Greater Glasgow & Clyde has become the sixth area of Scotland to formally launch a localised version of the National Care Framework for HD.
The launch at the Golden Jubilee Hospital in Clydebank saw families affected by HD join health and social care partnership staff to welcome the launch.
In a joint statement Kathryn Valentine and her son John Valentine, who has the disease, said: “So often people think of a disease as affecting one person. However Huntington’s disease affects entire families from generation to generation. When people find out that HD is in their family it can have a devastating impact, especially when they have no idea where to turn. The HD Care Framework stands to change that. Everything you need to know about the disease is all there in one place, helping and guiding families and health and social care staff. We urge everyone who cares about improving support to HD families to get behind the Framework to shape care for everyone who is impacted by this appalling disease.”
Caroline Bamforth, Board member for NHS Greater Glasgow & Clyde, said: “It is fantastic to see families and staff from all across Greater Glasgow & Clyde coming together to shape this excellent tool. Having lost my father to MND, another neurological condition, I am greatly encouraged to read that the Scottish Government is hopeful that the HD Framework might also be used to help people with similar long term conditions in the future. This is an exciting prospect and I applaud Scottish Huntington’s Association for working so collaboratively with such a wide range of partners to make this a possibility. We wish this whole venture every success.”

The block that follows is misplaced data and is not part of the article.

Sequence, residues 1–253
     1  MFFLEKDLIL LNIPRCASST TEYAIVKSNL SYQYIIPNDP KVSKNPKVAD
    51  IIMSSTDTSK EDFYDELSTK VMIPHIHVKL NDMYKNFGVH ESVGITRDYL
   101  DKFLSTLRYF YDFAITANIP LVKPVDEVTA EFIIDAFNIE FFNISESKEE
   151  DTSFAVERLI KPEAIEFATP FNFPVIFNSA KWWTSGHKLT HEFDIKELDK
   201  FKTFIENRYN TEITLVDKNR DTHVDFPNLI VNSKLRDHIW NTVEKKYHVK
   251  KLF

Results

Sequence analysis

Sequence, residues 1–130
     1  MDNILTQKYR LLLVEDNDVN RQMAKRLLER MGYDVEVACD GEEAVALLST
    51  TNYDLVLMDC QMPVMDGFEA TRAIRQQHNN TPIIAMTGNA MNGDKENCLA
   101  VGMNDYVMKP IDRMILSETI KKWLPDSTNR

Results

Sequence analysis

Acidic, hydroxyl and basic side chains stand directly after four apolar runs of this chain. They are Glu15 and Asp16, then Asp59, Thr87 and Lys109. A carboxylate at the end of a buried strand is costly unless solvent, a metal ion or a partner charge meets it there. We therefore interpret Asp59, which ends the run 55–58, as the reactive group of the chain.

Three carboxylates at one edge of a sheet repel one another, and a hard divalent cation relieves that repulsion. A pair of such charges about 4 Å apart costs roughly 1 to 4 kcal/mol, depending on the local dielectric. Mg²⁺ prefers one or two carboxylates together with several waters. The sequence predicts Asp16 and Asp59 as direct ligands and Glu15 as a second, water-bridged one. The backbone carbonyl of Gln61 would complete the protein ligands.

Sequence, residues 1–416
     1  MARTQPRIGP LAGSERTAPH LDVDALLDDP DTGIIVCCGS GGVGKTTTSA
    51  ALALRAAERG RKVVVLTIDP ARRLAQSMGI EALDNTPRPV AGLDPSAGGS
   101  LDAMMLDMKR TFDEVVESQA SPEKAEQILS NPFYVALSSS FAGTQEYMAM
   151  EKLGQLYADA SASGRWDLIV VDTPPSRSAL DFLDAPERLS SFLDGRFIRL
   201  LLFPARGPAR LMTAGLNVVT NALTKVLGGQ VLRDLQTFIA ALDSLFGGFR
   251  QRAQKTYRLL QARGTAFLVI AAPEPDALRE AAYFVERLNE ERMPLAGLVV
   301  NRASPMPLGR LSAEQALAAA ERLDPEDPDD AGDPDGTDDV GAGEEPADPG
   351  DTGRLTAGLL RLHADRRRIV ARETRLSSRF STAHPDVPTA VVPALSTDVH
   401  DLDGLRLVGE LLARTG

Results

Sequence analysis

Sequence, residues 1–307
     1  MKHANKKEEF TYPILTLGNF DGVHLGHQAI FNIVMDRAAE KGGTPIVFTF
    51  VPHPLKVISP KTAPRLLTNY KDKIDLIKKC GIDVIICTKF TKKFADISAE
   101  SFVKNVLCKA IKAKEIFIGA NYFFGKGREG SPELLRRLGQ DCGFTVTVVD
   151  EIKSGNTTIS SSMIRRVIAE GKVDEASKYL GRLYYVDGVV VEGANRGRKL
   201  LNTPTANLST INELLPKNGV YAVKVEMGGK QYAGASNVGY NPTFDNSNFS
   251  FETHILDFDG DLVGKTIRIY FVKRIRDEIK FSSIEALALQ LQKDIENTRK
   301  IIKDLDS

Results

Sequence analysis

George Adam MSP, Scottish Government Chief Whip, member of the Scottish Parliament’s Health Committee and Convener of the Cross Party Group on Multiple Sclerosis said: “The HD Framework is a fantastic tool for local families who have been impacted by this terrible condition. It’s great to see the NHS Board and all local councils and health and social care partnerships getting behind it at today’s launch. If promoted and used effectively this can make a huge impact of people’s lives. It’s no surprise that the international HD community is seeking to follow suit. And as someone who cares passionately about MS due to the impact it has had on my wife and family it’s also encouraging to see MS charities being involved in its development and looking to it as a potential model. This is testament to Scottish Huntington’s Association’s open approach to developing this Framework, which I encourage everyone to get behind and make a success of.”
Dr Stuart Ritchie, NHS Greater Glasgow & Clyde HD Clinical Lead from 2006 – 2016, said: “My view was that – if we took the time to learn the lessons of similar work done for other conditions, and create a genuinely flexible and interactive care framework – we had a real chance of producing something that could significantly improve the care and support provided to families affected by HD. All the signs are that this is exactly where we have taken this great opportunity, resulting in what I believe to be an innovative tool that can guide health and social care professionals and empower HD families for years to come.”
The National Framework can be viewed at care.hdscotland.org . The Ayrshire & Arran, Fife, Grampian, Lanarkshire, Lothian, Greater Glasgow & Clyde, Highland and Forth Valley Frameworks can be viewed within the “Regional Frameworks” section of the site.
Work is ongoing to finalise local Frameworks for Dumfries & Galloway, Tayside & Border.